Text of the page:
The 2% Catastrophe: How One Number Explains the Miserable Economy

The Federal Reserve is crucifying the U.S. economy on a cross of two-percent inflation.


The Federal Reserve balance sheet contains roughly $2.5 trillion worth of Treasuries, Fannie Mae bonds and mortgage-backed securities. But there is one asset the Fed considers invaluable. Credibility.

Most people think the central bank's job is manipulating interest rates, but the Fed is really in the business of making and keeping promises about the economy. Lately the Fed is obsessed with a narrow construction of credibility that is holding back the entire country.

The Fed has fetishized two-percent inflation.


The Fed makes a very simple promise: It promises to keep inflation at a certain level every year. That level has changed over the past 30 years, but it's currently around 2% a year. If the economy is running too hot, the Fed raises interest rates. If it's running cold, it lowers rates.

For 30 years, this worked spectacularly. Recessions were rare and shallow. Inflation was low. Then 2008 happened. Even zero interest rates weren't enough to revive the collapsing economy. That's still mostly true now. In fact, our disappointing recovery is in large part the result of a central bank target that no longer serves the economy.

Let's think about why a two-percent inflation target is a problem now, and what a better target would look like. The below chart compares the economy's long-term growth trend (blue) with the actual size of the economy (red). I've included the numbers going back to 1980 so that you can see that this isn't a case of the housing bubble making us vastly overestimate the economy's productive capacity. You can go back further if you like. The results are the same. The two lines barely deviate from each other -- until now. (The only other exception is the Great Depression).


We have a lot of catching up to do. But a two-percent inflation target -- mostly -- prevents us from getting the catch-up growth we need. Now for the disclaimer. The Fed doesn't have a strict two-percent mandate. The Fed is supposed to pursue full employment too. And as Greg Ip of The Economist has pointed out, Bernanke has said that he is willing to tolerate greater than two-percent inflation if unemployment is still high. But practically, the Fed's two-percent inflation target acts like something fairly close to a ceiling. Indeed, wunderkind blogger Evan Soltas has found that the Fed becomes approximately 17 percent more sensitive to changes in inflation than in output for each percentage point the Federal funds rate falls. The Fed might say that it'll let inflation run a bit higher, but history suggests otherwise. So do its forecasts for inflation over the next few years.

Imagine that the economic recovery actually picks up. Unemployment is still far too high, but it's falling at a rapid clip. And here's the crucial bit: say inflation creeps over 3 percent -- or even hotter. It's hard to believe the Fed wouldn't tighten in this scenario given its inflation bias. Higher interest rates would push down growth and slow the decline in unemployment. In other words, when the economy is in a deep hole, a too-low inflation target puts a speed limit on the recovery.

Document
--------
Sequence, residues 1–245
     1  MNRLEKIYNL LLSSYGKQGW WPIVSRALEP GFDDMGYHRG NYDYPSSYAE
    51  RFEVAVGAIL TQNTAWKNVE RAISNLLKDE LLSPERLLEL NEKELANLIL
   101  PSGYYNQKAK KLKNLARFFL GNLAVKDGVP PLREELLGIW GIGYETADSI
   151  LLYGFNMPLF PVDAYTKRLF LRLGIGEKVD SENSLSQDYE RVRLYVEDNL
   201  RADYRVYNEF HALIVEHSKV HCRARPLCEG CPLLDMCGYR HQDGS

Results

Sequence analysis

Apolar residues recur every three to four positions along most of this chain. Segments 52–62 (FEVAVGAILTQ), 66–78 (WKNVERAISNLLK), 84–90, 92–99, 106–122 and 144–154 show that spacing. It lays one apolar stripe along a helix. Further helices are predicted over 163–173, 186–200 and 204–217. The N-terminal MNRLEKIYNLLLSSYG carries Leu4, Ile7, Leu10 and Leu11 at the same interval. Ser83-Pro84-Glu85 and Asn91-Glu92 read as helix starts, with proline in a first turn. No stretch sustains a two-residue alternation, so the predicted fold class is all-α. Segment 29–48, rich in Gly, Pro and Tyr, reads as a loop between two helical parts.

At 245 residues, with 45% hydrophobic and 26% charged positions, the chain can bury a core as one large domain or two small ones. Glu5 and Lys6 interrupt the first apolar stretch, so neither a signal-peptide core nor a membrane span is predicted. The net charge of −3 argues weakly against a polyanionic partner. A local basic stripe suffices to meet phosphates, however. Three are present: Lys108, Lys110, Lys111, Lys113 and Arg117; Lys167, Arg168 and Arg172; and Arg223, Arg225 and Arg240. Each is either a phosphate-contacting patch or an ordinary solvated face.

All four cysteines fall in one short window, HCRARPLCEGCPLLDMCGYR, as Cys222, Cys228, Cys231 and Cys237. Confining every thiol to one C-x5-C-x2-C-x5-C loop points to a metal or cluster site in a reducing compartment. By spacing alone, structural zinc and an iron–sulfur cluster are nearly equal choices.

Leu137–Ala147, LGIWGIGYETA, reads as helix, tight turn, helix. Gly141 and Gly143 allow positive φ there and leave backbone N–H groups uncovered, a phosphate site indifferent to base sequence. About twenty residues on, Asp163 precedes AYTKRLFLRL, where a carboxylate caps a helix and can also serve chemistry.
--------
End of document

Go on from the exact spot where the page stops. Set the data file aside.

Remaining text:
There are easy enough fixes for this too. A higher inflation target, for one. That's basically the same as raising the speed limit. But we can do better still. To revert to econospeak, a level NGDP target probably makes the most sense. In English, this means that the Fed should target the total size of the economy -- that is, inflation and growth together -- and try to keep it close to its long-term trend. The "level" part of the "level target" means that the Fed should make up for any past mistakes. For instance, if the Fed undershoots its targets for a few years -- basically, the situation we're in now -- then it should try to catch up and get back to trend as quickly as possible. That's not a speed limit. It's a speed minimum.


All of these alternative Fed targets essentially amount to saying Bernanke and Co. should create more inflation today. That raises two questions: 1) Would higher inflation really help us, and 2) If it would help, would it outweigh any costs? Let's consider these in turn.

The case for higher inflation has to do with debt. More inflation now would make new debt more attractive and old debt less onerous. When most people think of inflation, they think about paying more for gas and groceries. How does that make anything better? The answer is that those prices are set in international markets and are mostly beyond the control of the Fed. When we talk about the Fed creating inflation we're talking about wage inflation. 

Higher incomes would make it easier to pay off old debts that don't change. To go back to econospeak one more time, it would speed up the deleveraging process that's been holding back private demand. It would also make taking out new loans a better deal. We can thank our depressed economy for this. In normal times, higher inflation just translates into higher interest rates, so more inflation doesn't make more borrowing make sense. But these aren't normal times. If inflation goes up, interest rates won't. Borrowers would pay a lower real interest rate.